If data is siloed, it can be difficult to control and manage PII. This could have serious consequences if the data were to fall into the wrong hands.
A centralized data warehouse addresses these challenges by providing organizations with a single source of truth with all security measures in place.
No clear data lineage
With siloed data, it can be difficult to determine where the data came from and how it has been transformed. This means when changes are made, it’s very hard to ensure you’re not impacting other data undesirably. It can also have legal implications if you can’t show how the data used in your business decisions was calculated.
The benefits of a centralized data warehouse
Hopefully, I’ve now convinced you there are plenty of challenges with siloed data. For these reasons, more organizations are moving from decentralized and siloed data systems to ones that are centralized—most commonly a data warehouse.
Let’s look at some of the benefits of a centralized data warehouse.
Easy, fast access to your data
A centralized data warehouse gives you easy and fast access to your data whenever you need it. Storing all your data in one central location saves time and resources by avoiding accessing multiple siloes.
What’s more, the performance of your reporting and data visualizations will also greatly improve when a data warehouse feeds them.
Historical access to your data
Another benefit of a centralized data warehouse is having historical access to your data. This means that you’ll be able to track changes and trends over time and make better business decisions.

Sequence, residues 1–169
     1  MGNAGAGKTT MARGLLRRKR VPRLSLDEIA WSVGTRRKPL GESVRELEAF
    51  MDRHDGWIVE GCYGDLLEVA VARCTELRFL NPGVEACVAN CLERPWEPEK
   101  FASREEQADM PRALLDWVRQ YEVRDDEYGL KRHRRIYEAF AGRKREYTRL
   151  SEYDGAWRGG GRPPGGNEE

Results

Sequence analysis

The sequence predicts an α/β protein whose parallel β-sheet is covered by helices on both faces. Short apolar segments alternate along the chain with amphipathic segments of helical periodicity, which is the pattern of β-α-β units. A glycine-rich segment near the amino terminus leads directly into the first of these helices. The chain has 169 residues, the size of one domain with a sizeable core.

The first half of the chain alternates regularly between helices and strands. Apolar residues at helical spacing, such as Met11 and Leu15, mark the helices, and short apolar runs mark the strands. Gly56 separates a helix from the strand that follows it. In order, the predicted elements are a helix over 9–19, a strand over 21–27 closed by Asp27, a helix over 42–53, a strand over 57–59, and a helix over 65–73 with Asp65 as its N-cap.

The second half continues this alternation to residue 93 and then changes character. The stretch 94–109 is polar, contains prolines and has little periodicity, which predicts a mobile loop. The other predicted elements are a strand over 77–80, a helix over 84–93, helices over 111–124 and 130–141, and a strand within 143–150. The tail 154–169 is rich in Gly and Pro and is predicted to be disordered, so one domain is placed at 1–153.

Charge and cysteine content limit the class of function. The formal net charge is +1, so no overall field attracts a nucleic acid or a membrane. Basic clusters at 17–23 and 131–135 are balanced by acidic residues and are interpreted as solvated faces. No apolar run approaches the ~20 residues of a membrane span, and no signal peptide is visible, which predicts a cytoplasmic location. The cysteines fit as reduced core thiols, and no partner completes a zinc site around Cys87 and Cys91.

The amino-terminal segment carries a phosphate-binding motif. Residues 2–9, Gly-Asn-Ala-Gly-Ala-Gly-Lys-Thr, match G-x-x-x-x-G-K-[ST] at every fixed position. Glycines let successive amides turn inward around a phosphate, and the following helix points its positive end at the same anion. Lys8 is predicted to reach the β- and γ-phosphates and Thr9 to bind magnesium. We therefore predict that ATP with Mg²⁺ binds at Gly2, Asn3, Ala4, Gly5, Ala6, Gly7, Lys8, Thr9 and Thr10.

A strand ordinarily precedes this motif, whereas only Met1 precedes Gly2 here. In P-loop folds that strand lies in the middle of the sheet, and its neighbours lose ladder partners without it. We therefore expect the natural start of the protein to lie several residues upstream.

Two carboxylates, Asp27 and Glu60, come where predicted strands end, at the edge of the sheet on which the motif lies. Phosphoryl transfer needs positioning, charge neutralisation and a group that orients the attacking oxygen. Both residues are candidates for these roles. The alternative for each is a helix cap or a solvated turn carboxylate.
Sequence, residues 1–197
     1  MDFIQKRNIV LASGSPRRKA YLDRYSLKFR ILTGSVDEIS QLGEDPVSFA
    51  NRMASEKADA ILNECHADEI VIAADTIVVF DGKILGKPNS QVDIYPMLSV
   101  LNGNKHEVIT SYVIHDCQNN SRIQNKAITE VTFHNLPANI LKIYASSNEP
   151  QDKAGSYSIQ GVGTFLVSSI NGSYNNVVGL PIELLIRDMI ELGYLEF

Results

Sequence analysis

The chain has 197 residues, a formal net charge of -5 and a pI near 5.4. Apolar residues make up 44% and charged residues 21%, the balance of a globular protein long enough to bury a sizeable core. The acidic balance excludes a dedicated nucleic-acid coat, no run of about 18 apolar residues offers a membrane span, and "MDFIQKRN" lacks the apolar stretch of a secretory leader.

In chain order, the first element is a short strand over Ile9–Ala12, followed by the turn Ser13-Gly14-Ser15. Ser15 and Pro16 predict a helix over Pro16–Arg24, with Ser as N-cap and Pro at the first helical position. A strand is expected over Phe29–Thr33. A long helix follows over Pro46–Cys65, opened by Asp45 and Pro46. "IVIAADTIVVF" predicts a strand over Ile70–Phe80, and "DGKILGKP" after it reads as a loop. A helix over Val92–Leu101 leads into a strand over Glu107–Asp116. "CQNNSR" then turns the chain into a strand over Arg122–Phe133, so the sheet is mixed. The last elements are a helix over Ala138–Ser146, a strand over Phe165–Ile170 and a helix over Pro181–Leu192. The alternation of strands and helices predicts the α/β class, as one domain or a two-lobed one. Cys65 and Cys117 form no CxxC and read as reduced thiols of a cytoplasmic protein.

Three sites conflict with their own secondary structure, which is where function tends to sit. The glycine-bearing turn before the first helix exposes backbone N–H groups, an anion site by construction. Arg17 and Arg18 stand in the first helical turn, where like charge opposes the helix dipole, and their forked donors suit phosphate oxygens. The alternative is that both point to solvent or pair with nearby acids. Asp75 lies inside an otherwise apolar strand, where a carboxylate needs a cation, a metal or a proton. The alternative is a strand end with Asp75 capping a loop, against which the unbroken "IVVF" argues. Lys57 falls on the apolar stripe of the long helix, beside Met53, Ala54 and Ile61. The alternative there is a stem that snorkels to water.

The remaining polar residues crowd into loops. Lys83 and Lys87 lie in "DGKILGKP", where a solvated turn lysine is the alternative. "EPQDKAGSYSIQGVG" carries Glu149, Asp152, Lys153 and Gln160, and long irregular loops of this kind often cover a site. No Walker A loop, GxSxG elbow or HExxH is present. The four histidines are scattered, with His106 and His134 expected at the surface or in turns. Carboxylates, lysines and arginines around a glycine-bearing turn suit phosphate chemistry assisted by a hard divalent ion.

If you’re just using the data directly in reports and not storing it in a centralized data warehouse, data won’t be available for other purposes in the future.
Improved data integrity and security
With a centralized data warehouse, you can focus your security on this single asset. You can more easily monitor who has access to the data and keep track of activity.
In addition, with a centralized data warehouse, data integrity is improved. As all of your data is in one place, you can more easily ensure data is accurate and up-to-date.
A centralized data warehouse can also help reduce costs. Organizations often need to invest in different hardware and software to support each platform when data is siloed. This can quickly add up and become very expensive.
A centralized data warehouse will save you money in the long run by reducing the need for multiple platforms.
A centralized data warehouse gives organizations improved decision-making capabilities. As all the data is stored in one place, it’s easy to make reports and conduct analyses. This means you’ll be able to make better-informed decisions for your business.
Data centralization to solve your siloed data problem
We’ve already covered quite a bit about the various challenges of siloed data and the benefits of a centralized data warehouse. By now, it should be clear that data centralization solves the various problems and challenges associated with siloed data.
Data is one of the most fundamental assets that any business can have. So, it needs to be managed efficiently and effectively to ensure that all data-driven decision-making is in the organization’s best interests.
That’s why so many businesses invest in a centralized data warehouse.
About the author
Lee has over twenty years’ experience immersed in data. Starting as a developer-consultant focussed on ETL and specializing in data warehouses, he transitioned through roles in data architecture, solution design, and people leadership that fueled a passion for mentoring in data-centric thinking. Lee is from Australia, has worked in New Zealand and the UK, and now lives in Finland. He’s a Senior Sales Engineer at Supermetrics, where he helps customers access their marketing data quickly and easily.